ISSN: 1646-3137  
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Helena Sousa, COMMUNICATIONS POLICY IN PORTUGAL
COMMUNICATIONS POLICY IN PORTUGAL
AND ITS LINKS WITH THE EUROPEAN UNION
AN ANALYSIS OF THE TELECOMMUNICATIONS AND TELEVISION BROADCASTING SECTORS
FROM THE MID-1980's UNTIL THE MID-1990's

BY HELENA SOUSA

LONDON, 1996



Preface

Chapter I: General Introduction

Chapter II: International Relations, Theories of the State and Portuguese Communications: A Theoretical Framework

Chapter III: The European Union and its Communications Policy

Chapter IV: Recent Political History of Portugal

Chapter V: The Evolution of Communications Policy in Portugal

Chapter VI: The Telecommunications Sector in Portugal

Chapter VII: The Broadcasting Sector in Portugal

Chapter VIII: General Conclusion

Bibliography
 


Abstract


This thesis is an attempt to bring politics into the sphere of communications. Taking Portugal as a case study, we will try to demonstrate that the current national telecommunications and broadcasting systems are neither the mere consequence of external forces and imperatives nor the result of economic and technological developments (though they have played a relevant part). Indeed, very concrete political decisions (and deliberate non-decisions) taken by ill-prepared national politicians under pressure from nationally-based lobbies lay behind the configuration of Portuguese communications. Though recognising the increasing external links of national communications and, specially, the flourishing EU binding legislation and non-binding recommendations, this study sustains that the main reasons why the Portuguese people get what they get should be examined closer at home, rather than in a intricate net of external political and economic connections.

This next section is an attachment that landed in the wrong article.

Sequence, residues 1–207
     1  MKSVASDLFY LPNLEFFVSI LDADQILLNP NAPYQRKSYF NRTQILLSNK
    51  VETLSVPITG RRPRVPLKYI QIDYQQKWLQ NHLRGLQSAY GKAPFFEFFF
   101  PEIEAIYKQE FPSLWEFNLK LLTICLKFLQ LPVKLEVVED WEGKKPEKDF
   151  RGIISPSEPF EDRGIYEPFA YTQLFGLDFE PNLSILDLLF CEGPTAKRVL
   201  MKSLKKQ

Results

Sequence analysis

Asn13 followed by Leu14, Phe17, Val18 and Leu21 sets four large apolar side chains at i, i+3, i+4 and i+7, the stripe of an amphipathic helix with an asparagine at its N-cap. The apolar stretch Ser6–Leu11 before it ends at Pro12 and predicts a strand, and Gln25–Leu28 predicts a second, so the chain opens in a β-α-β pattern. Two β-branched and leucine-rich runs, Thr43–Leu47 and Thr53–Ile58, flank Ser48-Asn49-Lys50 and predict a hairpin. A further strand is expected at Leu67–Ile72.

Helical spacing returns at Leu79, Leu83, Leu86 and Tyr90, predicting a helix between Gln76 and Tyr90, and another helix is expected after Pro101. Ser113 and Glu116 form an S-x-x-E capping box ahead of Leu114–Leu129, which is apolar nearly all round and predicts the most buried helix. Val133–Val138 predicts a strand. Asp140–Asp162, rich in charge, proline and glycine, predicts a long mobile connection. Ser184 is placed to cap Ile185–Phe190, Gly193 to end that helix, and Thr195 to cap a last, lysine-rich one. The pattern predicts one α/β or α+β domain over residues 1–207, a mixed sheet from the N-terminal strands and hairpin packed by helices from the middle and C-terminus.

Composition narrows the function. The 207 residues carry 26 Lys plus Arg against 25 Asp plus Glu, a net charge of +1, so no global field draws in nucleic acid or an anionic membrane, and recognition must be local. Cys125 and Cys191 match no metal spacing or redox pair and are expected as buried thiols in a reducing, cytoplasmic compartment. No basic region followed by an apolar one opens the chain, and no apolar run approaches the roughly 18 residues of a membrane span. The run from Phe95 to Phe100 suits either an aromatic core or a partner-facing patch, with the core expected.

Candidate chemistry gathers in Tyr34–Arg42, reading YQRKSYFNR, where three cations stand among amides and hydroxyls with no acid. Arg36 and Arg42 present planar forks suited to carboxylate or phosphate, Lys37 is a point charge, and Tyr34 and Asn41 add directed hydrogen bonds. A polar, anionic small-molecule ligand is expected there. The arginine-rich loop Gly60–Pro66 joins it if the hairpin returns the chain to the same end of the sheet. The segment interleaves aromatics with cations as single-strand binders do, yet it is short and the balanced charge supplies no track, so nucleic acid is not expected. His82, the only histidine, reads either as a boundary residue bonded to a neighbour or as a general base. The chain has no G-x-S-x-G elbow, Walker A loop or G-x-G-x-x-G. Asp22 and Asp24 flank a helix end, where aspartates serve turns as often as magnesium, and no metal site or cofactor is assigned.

The so-called liberal ideology which has swept the country since the mid-1980s, coinciding with the accession into the EEC and with the beginning of Cavaco Silva ten-year term in office, did not mean less 'state'. Quite on the contrary, there has been - as never before - an intensification of political intervention in the communications arena. Telecommunications were partly liberalised and the privatisation of the major operator, Portugal Telecom has started; in broadcasting, the public television monopoly was broken up and two national TV channels were allowed to operate. However, this programme of reforms was so crudely developed that further political intervention is required and a more consistent regulatory framework will prove to be indispensable.

Despite the technological convergence between telecommunications and broadcasting, these two sectors have developed quite differently and are still perceived as distinct policy areas. Being displayed as essentially a technological issue, telecommunications did not attract much public interest and the sector was re-restructured without proper debate or consultation. The opening up of broadcasting to private companies has brought in some discussion but - due to the political sensitivity of the affair - the prime minister himself decided which would be the safest pairs of hands to be granted the two TV licenses. From a political point of view, telecommunications and broadcasting could hardly be further apart and yet both reflect aspects of the general characteristics of the Portuguese policy-making process. Inter-related attributes such as elitism and/or limited pluralism, political and geographical centralisation, lack of expertise and retreat on safe issues are observable in the way policies are conducted in both sectors.
 
 

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